What is air pollution?
Air pollution is the name for extremely small particles and gases in the air which can cause harm if you breathe them in.
Polluted air can come from several sources, including people’s houses and industry, as well as motor vehicles such as diesel cars.
How does air pollution affect my heart and circulation?
Research shows that air pollution can affect your heart and circulation by:
- damaging the inside walls of your blood vessels, causing them to become narrower and harder
- restricting the movement of your blood vessels, which can increase your blood pressure and add to the strain on your heart
- making your blood more likely to clot, and
- affecting the normal electrical functioning of your heart.
These problems can either cause new health conditions or make existing conditions worse, such as:
How can I protect myself?
If you have a heart or circulatory condition, or a long-term lung condition, you should avoid spending long periods of time in places where there are high levels of air pollution. This includes roads with busy traffic, or places where air pollution is generated by industry, such as near factories.
If you do need to go to these places, try to avoid times of day when pollution might be higher. This includes going out during ‘rush’ hour, when people are travelling to and from work or taking children to and from school.
Current evidence shows that healthy people, with no history of heart and circulatory disease, have a low risk of having a heart attack or stroke after being exposed to high levels of air pollution.
Checking air pollution levels in your area
If you have a heart or circulatory condition, it’s important to regularly monitor the air pollution level around where you live and work. The Government’s UK-AIR website has a daily pollution forecast. You can search for your postcode and see whether pollution levels are low, moderate, high or very high in your area.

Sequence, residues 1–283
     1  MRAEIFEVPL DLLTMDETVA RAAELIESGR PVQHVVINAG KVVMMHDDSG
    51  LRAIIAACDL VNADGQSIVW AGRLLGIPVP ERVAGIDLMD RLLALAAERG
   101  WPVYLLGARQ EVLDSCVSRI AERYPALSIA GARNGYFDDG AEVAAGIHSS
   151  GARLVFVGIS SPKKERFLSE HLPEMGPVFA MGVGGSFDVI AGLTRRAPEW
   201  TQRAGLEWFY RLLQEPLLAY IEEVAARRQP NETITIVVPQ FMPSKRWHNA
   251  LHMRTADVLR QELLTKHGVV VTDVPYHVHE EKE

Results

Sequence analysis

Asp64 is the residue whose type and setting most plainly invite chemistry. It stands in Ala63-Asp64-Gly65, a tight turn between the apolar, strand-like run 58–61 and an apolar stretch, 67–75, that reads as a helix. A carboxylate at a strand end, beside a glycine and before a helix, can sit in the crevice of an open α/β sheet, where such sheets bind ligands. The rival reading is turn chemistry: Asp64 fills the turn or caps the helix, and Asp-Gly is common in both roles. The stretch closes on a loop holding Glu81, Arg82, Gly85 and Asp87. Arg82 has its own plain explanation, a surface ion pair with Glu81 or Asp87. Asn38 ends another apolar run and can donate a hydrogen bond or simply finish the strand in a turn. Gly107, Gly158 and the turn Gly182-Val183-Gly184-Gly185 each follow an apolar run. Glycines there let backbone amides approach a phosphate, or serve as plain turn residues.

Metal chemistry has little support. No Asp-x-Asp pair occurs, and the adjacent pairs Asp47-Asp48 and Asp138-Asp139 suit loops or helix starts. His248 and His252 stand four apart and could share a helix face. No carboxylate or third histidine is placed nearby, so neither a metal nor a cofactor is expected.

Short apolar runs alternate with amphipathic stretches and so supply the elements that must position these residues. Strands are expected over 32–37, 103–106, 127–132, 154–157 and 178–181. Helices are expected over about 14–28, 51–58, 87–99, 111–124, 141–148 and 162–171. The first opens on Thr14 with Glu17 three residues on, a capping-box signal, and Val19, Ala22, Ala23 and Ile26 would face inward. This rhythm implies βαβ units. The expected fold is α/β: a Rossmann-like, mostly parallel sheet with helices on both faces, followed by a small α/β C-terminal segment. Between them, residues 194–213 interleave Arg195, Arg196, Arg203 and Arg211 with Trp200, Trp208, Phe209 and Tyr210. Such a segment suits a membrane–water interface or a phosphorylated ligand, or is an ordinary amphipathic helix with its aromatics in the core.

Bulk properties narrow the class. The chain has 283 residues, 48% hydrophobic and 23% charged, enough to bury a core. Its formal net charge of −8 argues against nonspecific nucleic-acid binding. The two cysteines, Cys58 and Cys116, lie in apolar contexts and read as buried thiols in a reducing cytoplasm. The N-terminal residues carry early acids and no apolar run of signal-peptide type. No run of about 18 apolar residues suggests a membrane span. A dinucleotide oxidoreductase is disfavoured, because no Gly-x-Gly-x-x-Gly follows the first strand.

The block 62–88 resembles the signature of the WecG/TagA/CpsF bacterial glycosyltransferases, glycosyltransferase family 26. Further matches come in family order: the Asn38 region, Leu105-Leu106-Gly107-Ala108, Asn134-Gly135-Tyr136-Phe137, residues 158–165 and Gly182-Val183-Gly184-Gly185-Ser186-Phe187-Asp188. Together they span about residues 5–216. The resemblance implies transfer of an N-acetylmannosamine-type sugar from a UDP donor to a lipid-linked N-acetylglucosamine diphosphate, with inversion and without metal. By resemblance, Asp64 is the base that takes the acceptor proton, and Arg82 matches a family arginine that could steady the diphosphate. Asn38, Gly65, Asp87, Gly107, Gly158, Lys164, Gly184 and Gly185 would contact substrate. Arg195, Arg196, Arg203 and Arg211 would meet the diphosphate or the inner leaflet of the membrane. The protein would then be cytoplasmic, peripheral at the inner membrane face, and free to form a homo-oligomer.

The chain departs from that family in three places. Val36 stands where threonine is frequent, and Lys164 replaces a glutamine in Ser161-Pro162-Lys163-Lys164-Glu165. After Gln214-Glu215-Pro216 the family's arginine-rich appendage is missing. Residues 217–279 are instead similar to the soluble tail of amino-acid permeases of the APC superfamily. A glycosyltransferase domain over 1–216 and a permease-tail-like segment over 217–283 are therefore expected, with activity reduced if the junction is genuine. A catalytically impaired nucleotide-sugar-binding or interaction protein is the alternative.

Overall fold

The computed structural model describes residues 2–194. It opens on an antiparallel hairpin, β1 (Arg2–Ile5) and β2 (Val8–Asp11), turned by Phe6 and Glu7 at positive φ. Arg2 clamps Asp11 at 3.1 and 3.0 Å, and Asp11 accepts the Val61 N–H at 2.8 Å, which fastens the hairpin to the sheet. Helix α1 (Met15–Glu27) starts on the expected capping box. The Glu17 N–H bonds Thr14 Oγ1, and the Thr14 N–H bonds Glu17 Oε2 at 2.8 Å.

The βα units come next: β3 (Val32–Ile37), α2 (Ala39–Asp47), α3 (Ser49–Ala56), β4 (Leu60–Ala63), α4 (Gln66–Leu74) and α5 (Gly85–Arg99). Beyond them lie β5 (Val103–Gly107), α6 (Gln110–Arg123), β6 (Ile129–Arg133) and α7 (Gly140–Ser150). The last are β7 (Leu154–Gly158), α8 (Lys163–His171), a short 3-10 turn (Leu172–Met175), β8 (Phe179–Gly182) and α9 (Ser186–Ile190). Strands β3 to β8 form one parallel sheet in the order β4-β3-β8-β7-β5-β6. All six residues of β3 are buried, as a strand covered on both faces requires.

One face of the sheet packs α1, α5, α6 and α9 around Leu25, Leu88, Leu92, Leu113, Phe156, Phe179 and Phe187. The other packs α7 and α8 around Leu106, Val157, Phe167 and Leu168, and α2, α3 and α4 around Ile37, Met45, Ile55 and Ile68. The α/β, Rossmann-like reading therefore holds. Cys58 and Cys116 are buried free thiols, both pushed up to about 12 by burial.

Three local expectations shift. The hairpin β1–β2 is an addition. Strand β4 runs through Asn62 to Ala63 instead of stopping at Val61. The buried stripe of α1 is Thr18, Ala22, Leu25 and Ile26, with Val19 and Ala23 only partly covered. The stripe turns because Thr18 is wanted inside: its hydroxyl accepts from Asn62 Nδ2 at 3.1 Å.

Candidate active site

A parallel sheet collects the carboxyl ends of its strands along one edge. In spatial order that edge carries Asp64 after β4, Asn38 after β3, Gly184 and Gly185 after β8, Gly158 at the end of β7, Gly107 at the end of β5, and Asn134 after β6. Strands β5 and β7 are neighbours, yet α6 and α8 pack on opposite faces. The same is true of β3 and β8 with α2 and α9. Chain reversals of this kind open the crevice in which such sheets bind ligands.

You can also follow the Government's @DefraUKAir Twitter feed, or call their helpline for free on 0800 55 66 77.
And there is local information available for air pollution levels in different parts of the UK:
Is it safe to exercise outside?
Being physically active is very good for your heart, and for most people the benefits of doing exercise outweigh the risks of breathing in polluted air.
But if you have a heart or circulatory problem, or long-term lung disease, you should reduce the amount of exercise you do outdoors if the air pollution level is moderate, high or very high.
This is because your body needs to take in more air when you are physically active and your heart is working harder, so you’re likely to breathe in more polluted air. There is little evidence to say that using facemasks helps to keep out the harmful air pollution particles.
It is still a good idea to be as active as you can indoors on days when it’s not possible to exercise outside.
How can air pollution be improved?
Walking or cycling short distances instead of driving can help to decrease air pollution. If you need to drive somewhere, think about sharing a lift with colleagues or a friend.
You can also avoid using diesel motor vehicles, because these cause especially high levels of pollution. If you need to buy or switch your vehicle, you could choose a petrol vehicle or ultra-low emission vehicle (ULEV).
If you own a diesel vehicle, do not remove the diesel particulate filter (DPF) on your exhaust, because it is illegal to modify a vehicle in this way. Make sure the DPF is maintained and regularly emptied, as it helps to protect you and others around you from potentially harmful emissions.
The BHF is working to make sure the Government introduces our air pollution policy recommendations, which aim to reduce the public's health risk from air pollution.
Find out more
For more information about air pollution you can: